1. Consensus Protocol Improvements

Simply changing the consensus protocol would be a massive improvement in terms of the number of transactions that you can achieve, but there is still ongoing debate within the community on how much of a slippery slide this becomes. Proof of Stake, for instance, is without a doubt, less secure than proof of work, and some other consensus protocols like Proof of Importance, or Delegated Proof of Stake go further down the line in terms of security and decentralization. However, the community widely accepts Proof of Stake to be an improvement on Proof of Work, especially considering the environmental impacts and the fact that you need specialized machines to take part in the mining process.

This popular sentiment is also reflected in Ethereum’s recent merge, where the network shifted to a Proof of Stake consensus mechanism

2. Sharding 

Another solution that’s gained a lot of traction in recent days is sharding. Sharding allows for the network to be broken down into small pieces, allowing for the processing to happen simultaneously and not sequentially. Sharding allows for low gas fees forever, not to mention the fact that all transactions are processed immediately, with the same levels of finality. 

Organizations like Shardeum use the Proof of Quorum consensus algorithm, along with Proof of stake to ensure the highest levels of scalability without having to sacrifice much on security. 

How Do Layer 2 Scaling Solutions Work? 

As mentioned earlier, Layer 2 solutions use another layer of blockchain on top of the current layer to ensure that the load is taken off the mainnet. Blockchain networks like Polygon allow for smart contracts of the network to be validated in the Ethereum network, with the final results being pushed out to the mainnet over time to ensure the same levels of security, and decentralization with increased scalability. 

1. Rollups 

Rollups basically bundle up several transactions on the layer-2 blockchains and submit them to the mainnet. Validity proofs are utilized to ensure the integrity of the transactions, not to mention the fact that the assets continue to exist on the mainnet.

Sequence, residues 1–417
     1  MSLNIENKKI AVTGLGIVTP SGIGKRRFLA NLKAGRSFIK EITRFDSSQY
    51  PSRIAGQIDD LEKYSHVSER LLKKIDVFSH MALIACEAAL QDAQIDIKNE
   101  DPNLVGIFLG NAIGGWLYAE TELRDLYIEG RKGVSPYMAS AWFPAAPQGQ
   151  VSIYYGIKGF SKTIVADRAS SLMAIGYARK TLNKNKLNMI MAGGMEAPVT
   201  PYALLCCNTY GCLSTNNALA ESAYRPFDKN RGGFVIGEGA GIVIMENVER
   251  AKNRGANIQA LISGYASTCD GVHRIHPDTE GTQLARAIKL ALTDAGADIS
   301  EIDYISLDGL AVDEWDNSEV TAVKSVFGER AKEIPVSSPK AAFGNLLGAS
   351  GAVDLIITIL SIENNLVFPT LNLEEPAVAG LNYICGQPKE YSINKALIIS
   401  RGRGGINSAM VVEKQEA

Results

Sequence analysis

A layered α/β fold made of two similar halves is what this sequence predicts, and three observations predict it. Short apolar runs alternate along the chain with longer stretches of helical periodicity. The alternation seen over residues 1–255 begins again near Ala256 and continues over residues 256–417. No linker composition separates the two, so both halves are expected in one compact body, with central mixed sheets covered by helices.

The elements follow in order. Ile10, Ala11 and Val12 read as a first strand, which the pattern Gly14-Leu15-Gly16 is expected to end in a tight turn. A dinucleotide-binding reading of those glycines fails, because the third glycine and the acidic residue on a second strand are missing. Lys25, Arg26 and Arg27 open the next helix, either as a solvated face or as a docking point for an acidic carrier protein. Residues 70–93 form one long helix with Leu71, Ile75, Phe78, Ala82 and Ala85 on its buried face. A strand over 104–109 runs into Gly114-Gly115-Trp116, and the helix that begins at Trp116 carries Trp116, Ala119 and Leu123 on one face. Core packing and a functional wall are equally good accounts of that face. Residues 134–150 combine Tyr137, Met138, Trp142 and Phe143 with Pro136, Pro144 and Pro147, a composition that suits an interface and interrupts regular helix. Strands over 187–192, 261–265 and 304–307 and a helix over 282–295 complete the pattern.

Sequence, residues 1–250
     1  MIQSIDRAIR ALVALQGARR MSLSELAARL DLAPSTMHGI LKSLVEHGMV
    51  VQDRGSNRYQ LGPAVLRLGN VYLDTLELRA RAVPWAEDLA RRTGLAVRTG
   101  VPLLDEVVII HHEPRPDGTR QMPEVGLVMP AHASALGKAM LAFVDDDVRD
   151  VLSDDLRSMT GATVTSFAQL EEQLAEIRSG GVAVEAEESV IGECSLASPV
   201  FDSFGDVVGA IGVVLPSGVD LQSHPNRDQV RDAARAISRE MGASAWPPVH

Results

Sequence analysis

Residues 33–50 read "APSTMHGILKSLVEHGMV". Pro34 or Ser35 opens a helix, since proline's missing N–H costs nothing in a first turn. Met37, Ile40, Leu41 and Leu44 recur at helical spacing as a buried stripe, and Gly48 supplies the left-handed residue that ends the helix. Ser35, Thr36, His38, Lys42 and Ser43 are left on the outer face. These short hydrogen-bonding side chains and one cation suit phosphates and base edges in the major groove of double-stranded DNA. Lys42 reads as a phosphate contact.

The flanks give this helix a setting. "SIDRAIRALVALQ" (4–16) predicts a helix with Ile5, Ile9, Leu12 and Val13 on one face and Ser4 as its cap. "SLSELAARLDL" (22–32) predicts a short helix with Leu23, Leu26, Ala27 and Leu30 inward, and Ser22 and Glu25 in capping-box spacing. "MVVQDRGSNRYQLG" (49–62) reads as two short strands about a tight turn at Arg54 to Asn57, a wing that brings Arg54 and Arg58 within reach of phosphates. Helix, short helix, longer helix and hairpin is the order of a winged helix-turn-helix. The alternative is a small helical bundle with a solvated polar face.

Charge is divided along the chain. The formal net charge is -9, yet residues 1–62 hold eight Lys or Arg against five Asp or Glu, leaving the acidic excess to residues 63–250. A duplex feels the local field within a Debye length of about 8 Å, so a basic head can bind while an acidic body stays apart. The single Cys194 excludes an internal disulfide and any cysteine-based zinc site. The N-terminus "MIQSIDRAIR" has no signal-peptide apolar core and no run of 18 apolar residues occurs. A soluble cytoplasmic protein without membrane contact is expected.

2. Sidechains 

These are independent blockchains with their own validators. Even though the mainnet plays no role in validating the transactions, this is still one of the most secure layer-2 chains, due to the chains containing its own validators. 

3. State Channels 

State channels are typically two-way communication environments between the two parties. The parties then seal off a part of the blockchain and connect it to a new, off-chain transaction channel. Usually done via an agreed-upon smart contract, the parties execute the transactions off-chain, and only the final state of the transaction is submitted to the main chain. Popular examples of this method include bitcoin Lightning Network and Ethereum’s Raiden operate based on state channels.

4. Nested Blockchains 

Nested blockchains are multiple secondary blockchains that exist on top of the main chain. The rules and regulations are entirely dependent on the parent chain. However, the main chain is not involved in the participation of the transactions, and the routine transactions are delegated to the nested blockchains. 

Limitations of Layer 1 and Layer 2 Scaling Solutions 

At the end of the day, it comes down to whether or not the community is ready to commit to a hard fork. Solutions like improving consensus algorithms and sharding allow for robust, secure, and scalable solutions – but they may not be the best for all stakeholders involved. For instance, Ethereum’s merge was not all smooth sailing, as there were many miners who stood to lose their income – a hard fork would be very difficult to achieve.
Layer 2 solutions, on the other hand, would make perfect sense, but would not come with the robust track record of blockchains like Ethereum and Bitcoin.
Sharding feels like the perfect solution, enabling dApps to exist on the mainnet, without having to pay an insane amount in gas fees, while still enabling near-instant finality. 

To Sum Up About Blockchain Layer 1 vs Layer 2 Scaling Solutions

The layer 1 vs layer 2 scaling solutions would continue on till a “perfect” solution is found. With the type of talent that’s currently working on this problem, such a solution might not be that far off. As it stands right now, no solution is perfect – it is up to the community to decide which solutions suit the case at hand best.

Hope this blog gave you a clear insight into the layer 1 vs layer 2 debate. For more such informative blog posts – do visit Shardeum’s blog page.